Most of Mach’s initial studies in the field of experimental physics concentrated on the interference, diffraction, polarization and refraction of light in different media under external influences. From there followed important explorations in the field of supersonic fluid mechanics. Mach and physicist-photographer Peter Salcher presented their paper on this subject  in 1887; it correctly describes the sound effects observed during the supersonic motion of a projectile. They deduced and experimentally confirmed the existence of a shock wave which of conical shape, with the projectile at the apex. The ratio of the speed of a fluid to the local speed of sound vp/vs is now called the Mach number. It is a critical parameter in the description of high-speed fluid movement in aerodynamics and hydrodynamics. Mach also contributed to cosmology the hypothesis known as Mach’s principle.
Marilyn vos Savant (/ˌvɒs səˈvɑːnt/; born August 11, 1946) is an American who is known for having the highest recorded IQ according to the Guinness Book of Records, a competitive category the publication has since retired. Savant is a magazine columnist, author, lecturer, and playwright. Since 1986, she has written “Ask Marilyn”, a Parade magazine Sunday column where she solves puzzles and answers questions on various subjects, the most famous of them was the Monty Hall problem which she answered correctly in 1990.
1871 – Harry Brearley, English inventor (d. 1948)
Harry Brearley (18 February 1871 – 14 July 1948) was an English metallurgist, usually credited with the invention of “rustless steel” (later to be called “stainless steel” in the anglophone world).
In the troubled years immediately before World War I, arms manufacturing increased significantly in the UK, but practical problems were encountered due to erosion (excessive wear) of the internal surfaces of gun barrels. Brearley began to research new steels which could better resist the erosion caused by high temperatures (rather than corrosion, as is often mentioned in this regard). He began to examine the addition of chromium to steel, which was known to raise the material’s melting point, as compared to the standard carbon steels.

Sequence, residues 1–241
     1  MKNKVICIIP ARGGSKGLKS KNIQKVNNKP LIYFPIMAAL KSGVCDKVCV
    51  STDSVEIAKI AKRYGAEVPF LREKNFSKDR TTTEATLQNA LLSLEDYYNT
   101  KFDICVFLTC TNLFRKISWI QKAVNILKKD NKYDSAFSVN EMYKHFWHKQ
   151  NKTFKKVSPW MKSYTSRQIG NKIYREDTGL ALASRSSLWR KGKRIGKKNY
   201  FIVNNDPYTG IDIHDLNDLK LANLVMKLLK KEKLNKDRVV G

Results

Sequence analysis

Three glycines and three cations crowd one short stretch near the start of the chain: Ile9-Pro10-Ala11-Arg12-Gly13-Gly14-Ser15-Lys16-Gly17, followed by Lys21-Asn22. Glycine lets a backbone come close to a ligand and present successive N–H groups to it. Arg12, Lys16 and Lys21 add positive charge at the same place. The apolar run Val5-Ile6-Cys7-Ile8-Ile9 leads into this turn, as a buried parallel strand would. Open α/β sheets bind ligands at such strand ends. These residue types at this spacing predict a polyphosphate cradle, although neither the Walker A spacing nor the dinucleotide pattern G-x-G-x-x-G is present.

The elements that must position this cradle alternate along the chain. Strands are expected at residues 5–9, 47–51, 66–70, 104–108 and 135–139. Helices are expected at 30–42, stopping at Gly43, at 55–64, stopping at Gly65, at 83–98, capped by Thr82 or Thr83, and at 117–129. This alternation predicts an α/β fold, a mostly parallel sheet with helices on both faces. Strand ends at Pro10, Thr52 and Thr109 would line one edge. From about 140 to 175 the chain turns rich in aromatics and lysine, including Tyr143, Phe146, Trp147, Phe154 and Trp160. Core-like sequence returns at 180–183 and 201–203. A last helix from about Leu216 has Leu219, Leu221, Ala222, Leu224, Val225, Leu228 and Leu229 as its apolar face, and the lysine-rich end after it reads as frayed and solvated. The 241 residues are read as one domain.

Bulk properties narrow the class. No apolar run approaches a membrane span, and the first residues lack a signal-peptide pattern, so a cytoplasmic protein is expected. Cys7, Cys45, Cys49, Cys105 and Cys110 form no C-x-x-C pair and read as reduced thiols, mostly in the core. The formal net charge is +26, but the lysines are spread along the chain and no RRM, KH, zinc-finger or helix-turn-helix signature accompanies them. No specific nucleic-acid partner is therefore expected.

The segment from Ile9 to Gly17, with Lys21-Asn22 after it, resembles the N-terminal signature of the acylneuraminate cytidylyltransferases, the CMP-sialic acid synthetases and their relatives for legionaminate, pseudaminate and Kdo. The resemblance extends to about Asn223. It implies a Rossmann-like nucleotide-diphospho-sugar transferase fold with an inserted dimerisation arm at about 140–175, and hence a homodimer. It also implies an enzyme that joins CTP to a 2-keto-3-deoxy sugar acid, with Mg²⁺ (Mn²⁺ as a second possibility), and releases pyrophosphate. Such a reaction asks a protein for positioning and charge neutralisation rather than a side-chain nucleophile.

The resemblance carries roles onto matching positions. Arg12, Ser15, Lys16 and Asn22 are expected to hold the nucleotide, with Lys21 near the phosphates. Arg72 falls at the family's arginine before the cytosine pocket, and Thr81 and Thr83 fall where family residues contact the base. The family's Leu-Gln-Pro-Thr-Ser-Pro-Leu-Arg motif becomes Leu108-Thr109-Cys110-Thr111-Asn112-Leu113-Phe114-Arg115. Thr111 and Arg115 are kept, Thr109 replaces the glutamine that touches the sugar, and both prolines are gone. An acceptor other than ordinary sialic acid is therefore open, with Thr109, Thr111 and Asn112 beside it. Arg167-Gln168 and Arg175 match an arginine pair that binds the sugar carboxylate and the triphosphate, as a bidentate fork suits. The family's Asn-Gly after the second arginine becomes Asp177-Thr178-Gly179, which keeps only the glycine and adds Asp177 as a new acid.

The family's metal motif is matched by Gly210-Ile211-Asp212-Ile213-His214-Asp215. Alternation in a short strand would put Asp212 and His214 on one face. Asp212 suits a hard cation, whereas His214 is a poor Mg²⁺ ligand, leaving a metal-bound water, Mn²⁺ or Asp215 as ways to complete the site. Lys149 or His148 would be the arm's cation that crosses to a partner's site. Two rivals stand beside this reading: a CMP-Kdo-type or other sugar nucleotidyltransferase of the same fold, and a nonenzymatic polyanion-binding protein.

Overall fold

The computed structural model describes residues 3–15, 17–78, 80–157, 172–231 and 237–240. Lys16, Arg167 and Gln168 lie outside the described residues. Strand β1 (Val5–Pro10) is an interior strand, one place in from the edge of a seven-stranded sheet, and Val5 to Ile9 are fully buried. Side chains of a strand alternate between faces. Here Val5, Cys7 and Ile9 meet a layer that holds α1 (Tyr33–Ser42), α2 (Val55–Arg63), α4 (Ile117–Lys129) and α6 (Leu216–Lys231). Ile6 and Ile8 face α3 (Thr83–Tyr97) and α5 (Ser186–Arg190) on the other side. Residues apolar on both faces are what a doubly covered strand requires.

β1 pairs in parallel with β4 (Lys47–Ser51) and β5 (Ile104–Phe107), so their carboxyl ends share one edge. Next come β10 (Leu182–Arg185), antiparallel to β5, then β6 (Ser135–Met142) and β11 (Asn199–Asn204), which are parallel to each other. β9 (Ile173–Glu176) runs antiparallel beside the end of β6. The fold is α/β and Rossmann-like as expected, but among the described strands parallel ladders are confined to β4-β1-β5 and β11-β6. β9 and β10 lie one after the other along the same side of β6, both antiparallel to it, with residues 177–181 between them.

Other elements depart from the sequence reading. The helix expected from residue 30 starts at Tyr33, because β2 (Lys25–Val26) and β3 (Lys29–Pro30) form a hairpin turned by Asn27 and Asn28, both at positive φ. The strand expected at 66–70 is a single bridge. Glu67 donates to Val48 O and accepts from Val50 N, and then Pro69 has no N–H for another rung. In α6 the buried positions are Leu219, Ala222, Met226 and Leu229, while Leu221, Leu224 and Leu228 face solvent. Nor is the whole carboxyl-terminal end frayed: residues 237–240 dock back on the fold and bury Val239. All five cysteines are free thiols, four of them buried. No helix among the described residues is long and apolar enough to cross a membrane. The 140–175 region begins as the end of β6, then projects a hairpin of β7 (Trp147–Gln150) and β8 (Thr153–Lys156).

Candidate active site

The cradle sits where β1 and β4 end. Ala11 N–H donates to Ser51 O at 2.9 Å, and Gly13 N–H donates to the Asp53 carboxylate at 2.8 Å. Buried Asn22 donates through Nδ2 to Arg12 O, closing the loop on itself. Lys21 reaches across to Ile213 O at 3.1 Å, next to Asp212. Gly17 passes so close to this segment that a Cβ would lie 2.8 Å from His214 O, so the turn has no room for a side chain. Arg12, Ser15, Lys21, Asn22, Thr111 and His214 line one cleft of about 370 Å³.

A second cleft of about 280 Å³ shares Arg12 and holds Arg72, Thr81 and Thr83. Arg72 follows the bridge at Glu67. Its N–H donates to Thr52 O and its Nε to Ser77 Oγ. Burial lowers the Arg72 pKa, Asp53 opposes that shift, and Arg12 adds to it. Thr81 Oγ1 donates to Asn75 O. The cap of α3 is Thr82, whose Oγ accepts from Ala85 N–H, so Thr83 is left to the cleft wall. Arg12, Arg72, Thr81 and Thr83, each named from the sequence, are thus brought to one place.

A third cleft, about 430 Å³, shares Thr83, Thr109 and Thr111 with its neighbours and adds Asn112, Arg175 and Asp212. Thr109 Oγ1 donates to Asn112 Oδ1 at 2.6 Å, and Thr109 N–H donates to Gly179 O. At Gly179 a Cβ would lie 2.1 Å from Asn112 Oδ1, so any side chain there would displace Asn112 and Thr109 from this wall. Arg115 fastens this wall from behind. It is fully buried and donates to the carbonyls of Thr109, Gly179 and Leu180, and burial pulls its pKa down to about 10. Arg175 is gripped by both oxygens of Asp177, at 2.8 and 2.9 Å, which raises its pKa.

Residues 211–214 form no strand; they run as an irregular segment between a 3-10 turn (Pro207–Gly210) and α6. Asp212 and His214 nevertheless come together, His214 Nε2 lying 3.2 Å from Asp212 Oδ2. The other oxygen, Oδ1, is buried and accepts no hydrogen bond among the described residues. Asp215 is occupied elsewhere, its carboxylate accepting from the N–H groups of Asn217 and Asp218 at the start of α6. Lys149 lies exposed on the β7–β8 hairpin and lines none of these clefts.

The research concentrated on quantifying the effects of varying the levels of carbon (C, at concentrations around 0.2 weight %) and chromium (Cr, in the range of 6 to 15 weight %).
The accidental discovery
Announcement of Brearley’s stainless steel discovery as it appeared in the 1915 New York Times.
In order to undertake metallography to study the microstructure of the experimental alloys (the main factor responsible for a steel’s mechanical properties) it was necessary to polish and etch the metallic samples produced. For a carbon steel, a dilute solution of nitric acid in alcohol is sufficient to produce the required etching, but Brearley found that the new chromium steels were very resistant to chemical attack.
It was probably Harry Brearley’s upbringing in Sheffield, a city famous for the manufacture of cutlery since the 16th century, which led him to appreciate the potential of these new steels for applications not only in high-temperature service, as originally envisioned, but also in the mass-production of food-related applications such as cutlery, saucepans and processing equipment etc. Up to that time carbon-steel knives were prone to unhygienic rusting if they were not frequently polished and only expensive sterling silver or EPNS cutlery was generally available to avoid such problems. With this in mind Brearley extended his examinations to include tests with food acids such as vinegar and lemon juice, with very promising results.
Brearley initially called the new alloy “rustless steel”; the more euphonic “stainless steel” was suggested by Ernest Stuart of R.F. Mosley’s, a local cutlery manufacturer at Portland Works, and eventually prevailed although Mosley’s used the “Rusnorstain” trademark for many years. It is reported that the first true stainless steel, a 0.24wt% C, 12.8wt% Cr ferrous alloy, was produced by Brearley in an electric furnace on 13 August 1913. He was subsequently awarded the Iron and Steel Institute’s Bessemer Gold Medal in 1920. The American Society for Metals gives the date for Brearley’s creation of casting number 1008 (12.8% chromium, 0.44% manganese, 0.2% silicon, 0.24% carbon and 85.32% iron) as 20 August 1913.
Virtually all research projects into the further development of stainless steels were interrupted by the 1914–18 War, but efforts were renewed in the 1920s. Brearley had left the Brown Firth Laboratories in 1915, following disagreements regarding patent rights, but the research continued under the direction of his successor, Dr. W. H. Hatfield. It is Hatfield who is credited with the development, in 1924, of a stainless steel which even today is probably the widest-used alloy of this type, the so-called “18/8”, which in addition to chromium, includes nickel (Ni) in its composition (18wt% Cr, 8wt% Ni).